Archive and refugia of soil organisms: applying a pedodiversity framework for the conservation of biological and non-biological heritages.

Published online
19 Dec 2012
Content type
Journal article
Journal title
Journal of Applied Ecology

Ibáñez, J. J. & Krasilnikov, P. V. & Saldaña, A.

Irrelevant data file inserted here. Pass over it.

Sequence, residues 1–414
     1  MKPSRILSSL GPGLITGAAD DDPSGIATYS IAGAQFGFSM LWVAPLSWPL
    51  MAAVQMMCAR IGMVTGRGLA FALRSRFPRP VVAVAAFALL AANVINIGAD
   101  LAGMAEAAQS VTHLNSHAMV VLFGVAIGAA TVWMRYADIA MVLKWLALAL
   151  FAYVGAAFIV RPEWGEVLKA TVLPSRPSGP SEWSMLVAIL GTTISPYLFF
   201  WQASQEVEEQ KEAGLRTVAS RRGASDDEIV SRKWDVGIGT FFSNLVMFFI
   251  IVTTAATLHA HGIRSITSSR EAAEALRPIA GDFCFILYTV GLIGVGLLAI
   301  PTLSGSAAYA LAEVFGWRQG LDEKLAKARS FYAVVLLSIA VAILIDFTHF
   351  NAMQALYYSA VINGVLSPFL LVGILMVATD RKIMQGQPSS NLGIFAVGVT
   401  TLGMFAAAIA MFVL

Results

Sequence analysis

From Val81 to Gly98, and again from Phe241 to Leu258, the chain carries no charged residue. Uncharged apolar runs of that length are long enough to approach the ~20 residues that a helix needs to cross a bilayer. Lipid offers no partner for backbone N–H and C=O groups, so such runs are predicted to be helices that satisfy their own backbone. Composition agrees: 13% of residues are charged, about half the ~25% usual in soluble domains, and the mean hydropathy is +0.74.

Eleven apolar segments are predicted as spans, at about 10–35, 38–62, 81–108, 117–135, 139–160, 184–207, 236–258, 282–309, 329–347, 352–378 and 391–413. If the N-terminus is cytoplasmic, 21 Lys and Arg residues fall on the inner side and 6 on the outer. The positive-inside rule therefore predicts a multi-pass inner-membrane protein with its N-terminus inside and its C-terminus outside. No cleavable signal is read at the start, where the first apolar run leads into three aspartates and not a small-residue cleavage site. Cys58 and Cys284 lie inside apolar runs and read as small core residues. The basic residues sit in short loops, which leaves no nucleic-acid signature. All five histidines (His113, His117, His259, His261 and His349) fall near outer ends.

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The pedosphere is a part of our natural heritage. Soils should be considered both for their biological and for their geological resources. During the Anthropocene, human activities have dramatically changed the land surface and remodified soil cover, resulting in many natural pedotaxa being at risk of extinction. Recently, biogeographers and ecologists recognized that numerous biotaxa should be considered as edaphic endemisms, and as a consequence, in situ soil preservation is important relative to both its biological and geological value. This contribution discusses the similarity and differences between biodiversity and pedodiversity and proposes using pedodiversity as a surrogate measure of above-ground biodiversity and an indicator of below-ground biodiversity. Another objective is to explore the relevance of soil diversity to soil ecology by illustrating how the analysis of pedotaxa and their genetic soil horizons can be applied in conservation biology. To preserve biological and geological heritage inherent to the pedosphere, we propose to design a network of soil reserves. The proposed network could also be an efficient way to preserve soil characteristics and qualities of undisturbed soils that would become benchmarks for soil monitoring programs. Synthesis and applications. The coincidence between patterns of biodiversity and pedodiversity offers a new and unexplored direction for understanding the genesis of biological and non-biological assemblages and the spatial patterns of soils and living organisms. Pedodiversity can be used as a practical surrogate indicator of soil diversity. We provide a pedodiversity framework for the design of a network of soil reserves for the preservation and monitoring of soil biodiversity. This new framework could contribute toward the development of a unified theory of natural diversity and to understanding the role of the pedosphere in the provision of ecosystem services.

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